By Todd W. Bressi, public art planner

The Athens Public Art Master Plan process includes a unique feature, three guest artists who will visit Athens for a week at a time to provide insight into opportunities for public art in Athens.

How does bringing artists from St. Paul, Cambridge and elsewhere lead to a plan that is specifically about Athens?

Community engagement is an important part of any public art master plan. In my experience, I like to have broad-ranging conversations with people in the community to learn about their hopes and aspirations for their community, as well as the challenges they see. Community engagement can provide profound insight into the meaning of places in the city, and also shed light on a community’s creative resources. All of this information provides an important context for public art recommendations.

It is not always easy to get people to participate in a public art master plan process, or any planning process for that matter. Artists, however, have their own ways of engaging people in their work, which can be much more interesting to and rewarding for participants than simply attending a public meeting. Artists have their own questions about a community and bring their own insights, beyond which a team of planners would bring on their own. Sometimes it helps most to bring people who live and work elsewhere, because they can bring the freshest perspective on the local scene.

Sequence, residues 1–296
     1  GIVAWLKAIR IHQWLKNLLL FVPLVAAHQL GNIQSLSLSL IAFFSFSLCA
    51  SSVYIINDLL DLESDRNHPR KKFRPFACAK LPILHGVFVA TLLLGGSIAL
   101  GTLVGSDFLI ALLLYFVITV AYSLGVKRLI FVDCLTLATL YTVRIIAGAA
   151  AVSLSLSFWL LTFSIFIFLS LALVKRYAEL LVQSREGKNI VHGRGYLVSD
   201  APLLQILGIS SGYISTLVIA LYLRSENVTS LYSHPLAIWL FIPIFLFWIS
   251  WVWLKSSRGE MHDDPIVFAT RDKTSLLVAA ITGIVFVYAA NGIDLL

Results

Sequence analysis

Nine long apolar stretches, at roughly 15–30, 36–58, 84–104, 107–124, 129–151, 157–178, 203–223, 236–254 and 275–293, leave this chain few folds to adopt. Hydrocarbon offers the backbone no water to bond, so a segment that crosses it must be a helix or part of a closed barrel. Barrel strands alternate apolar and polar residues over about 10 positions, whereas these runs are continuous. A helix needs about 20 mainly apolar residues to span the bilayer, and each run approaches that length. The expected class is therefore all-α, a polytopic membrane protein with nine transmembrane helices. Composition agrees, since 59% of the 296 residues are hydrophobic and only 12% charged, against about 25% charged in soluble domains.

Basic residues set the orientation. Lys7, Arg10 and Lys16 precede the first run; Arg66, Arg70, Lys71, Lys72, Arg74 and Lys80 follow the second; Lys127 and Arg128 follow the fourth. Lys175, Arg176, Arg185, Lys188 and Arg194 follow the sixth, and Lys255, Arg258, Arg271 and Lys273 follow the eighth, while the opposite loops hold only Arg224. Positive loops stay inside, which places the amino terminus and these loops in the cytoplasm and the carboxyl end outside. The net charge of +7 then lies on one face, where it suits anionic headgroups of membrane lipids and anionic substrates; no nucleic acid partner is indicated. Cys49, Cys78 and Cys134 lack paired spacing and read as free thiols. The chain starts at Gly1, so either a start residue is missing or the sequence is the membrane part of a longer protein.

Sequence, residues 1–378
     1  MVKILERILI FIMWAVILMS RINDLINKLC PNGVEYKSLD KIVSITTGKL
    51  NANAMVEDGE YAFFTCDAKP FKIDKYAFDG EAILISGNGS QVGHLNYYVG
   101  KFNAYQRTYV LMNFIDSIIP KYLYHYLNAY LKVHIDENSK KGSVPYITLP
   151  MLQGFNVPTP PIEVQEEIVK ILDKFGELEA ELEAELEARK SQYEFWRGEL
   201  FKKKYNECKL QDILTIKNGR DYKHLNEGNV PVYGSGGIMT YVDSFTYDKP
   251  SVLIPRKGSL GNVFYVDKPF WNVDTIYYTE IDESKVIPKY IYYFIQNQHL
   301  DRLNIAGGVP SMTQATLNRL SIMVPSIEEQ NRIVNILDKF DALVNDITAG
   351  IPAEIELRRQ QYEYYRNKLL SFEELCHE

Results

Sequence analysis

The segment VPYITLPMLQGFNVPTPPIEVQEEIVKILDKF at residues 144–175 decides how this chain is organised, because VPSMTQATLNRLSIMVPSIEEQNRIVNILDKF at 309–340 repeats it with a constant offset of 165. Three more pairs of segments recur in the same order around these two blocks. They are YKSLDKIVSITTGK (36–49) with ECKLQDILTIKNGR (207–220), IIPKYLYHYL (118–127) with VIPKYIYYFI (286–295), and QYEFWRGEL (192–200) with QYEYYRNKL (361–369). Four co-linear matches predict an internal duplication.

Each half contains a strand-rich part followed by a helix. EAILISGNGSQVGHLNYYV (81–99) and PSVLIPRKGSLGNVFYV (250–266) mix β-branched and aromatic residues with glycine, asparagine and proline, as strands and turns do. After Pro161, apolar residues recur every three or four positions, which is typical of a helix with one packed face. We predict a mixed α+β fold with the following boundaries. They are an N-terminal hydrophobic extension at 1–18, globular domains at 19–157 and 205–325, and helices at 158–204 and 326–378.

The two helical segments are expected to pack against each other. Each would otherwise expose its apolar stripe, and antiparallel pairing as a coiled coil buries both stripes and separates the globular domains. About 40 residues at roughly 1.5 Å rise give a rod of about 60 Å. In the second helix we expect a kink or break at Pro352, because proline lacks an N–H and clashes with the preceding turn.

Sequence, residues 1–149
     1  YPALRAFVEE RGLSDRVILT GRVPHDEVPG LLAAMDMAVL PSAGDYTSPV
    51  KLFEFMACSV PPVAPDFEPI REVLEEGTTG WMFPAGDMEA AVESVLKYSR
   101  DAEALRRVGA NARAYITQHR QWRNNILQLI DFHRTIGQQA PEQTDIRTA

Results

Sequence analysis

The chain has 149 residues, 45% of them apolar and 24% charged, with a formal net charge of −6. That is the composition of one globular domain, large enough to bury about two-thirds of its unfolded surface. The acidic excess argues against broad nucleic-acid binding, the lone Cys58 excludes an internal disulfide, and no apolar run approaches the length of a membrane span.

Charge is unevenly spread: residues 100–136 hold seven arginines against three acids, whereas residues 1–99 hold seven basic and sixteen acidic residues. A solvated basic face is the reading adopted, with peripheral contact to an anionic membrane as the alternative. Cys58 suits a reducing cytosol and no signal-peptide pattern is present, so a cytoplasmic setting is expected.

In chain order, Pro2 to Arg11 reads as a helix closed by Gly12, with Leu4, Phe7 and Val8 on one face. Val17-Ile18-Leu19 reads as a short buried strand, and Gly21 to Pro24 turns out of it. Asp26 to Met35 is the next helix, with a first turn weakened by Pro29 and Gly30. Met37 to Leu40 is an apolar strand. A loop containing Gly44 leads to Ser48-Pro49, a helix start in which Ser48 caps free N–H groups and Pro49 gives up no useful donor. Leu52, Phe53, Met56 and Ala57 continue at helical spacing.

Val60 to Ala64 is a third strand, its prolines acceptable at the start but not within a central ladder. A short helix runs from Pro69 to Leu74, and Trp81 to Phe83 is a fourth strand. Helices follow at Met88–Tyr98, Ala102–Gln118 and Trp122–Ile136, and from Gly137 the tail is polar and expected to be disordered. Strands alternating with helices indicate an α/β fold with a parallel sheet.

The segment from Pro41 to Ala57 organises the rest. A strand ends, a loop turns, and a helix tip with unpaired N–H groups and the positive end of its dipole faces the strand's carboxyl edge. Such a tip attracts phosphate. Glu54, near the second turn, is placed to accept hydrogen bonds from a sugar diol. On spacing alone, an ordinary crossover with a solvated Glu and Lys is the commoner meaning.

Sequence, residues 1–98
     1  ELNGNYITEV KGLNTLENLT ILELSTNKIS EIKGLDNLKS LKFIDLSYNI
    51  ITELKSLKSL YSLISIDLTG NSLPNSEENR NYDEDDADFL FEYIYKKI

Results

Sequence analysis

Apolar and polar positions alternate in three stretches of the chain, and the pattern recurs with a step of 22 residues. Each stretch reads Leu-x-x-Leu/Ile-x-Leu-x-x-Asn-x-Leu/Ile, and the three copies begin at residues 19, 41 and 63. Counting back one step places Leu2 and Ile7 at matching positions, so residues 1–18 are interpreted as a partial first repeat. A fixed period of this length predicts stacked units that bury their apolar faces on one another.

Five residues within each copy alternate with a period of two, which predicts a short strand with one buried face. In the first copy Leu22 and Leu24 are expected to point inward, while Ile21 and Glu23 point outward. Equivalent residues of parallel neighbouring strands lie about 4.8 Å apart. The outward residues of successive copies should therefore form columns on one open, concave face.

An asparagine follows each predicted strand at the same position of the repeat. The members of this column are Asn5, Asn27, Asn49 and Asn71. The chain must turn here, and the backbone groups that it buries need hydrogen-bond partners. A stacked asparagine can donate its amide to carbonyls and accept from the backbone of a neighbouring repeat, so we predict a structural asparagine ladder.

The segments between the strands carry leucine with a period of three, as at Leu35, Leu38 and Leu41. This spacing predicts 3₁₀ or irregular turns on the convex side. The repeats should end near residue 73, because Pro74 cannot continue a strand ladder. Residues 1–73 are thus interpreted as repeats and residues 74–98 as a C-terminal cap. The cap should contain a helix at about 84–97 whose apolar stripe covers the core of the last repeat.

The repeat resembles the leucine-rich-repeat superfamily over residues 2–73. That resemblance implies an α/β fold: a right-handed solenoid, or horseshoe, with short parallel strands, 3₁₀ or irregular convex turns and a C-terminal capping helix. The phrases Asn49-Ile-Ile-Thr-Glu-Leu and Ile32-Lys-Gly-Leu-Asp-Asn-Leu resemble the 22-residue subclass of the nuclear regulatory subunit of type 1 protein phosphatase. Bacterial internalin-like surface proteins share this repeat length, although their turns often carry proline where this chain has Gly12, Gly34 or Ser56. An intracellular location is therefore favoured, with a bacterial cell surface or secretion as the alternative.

Visiting artists can also provide the community with new insights into what artists do these days. Public art is an ever-expanding field, beyond murals and sculptures and the kinds of artworks that have been commissioned in Athens already. Visiting artists can help provide a broader view on what artists do and how they do it. Artists also bring their own perspective on what makes projects interesting and feasible, which is important information to have when framing the plan.

This is an idea with a growing number of precedents. Just the other day, I learned about the Turn to the River plan, which seeks to connect residents of Terra Haute with the Wabash River through art and design projects. Three environmental artists (Stacy Levy, Buster Simpson, Betsy Damon) were invited for week-long residencies to get to know the community and offer their reflections and recommendations.

So far, we have scheduled two artist visits for the Athens public art master plan. Next week, Seitu Jones, from St. Paul, will visit Athens to explore his interests in urban food systems as a lens on public health, culture and community. Matthew Mazzotta, from Cambridge, Mass., will visit Athens in December to set up “outdoor living rooms” and community conversations that explore public art and civic space in Athens.

You can follow their work by watching this blog and subscribing to Athens Cultural Affairs Commission social media.

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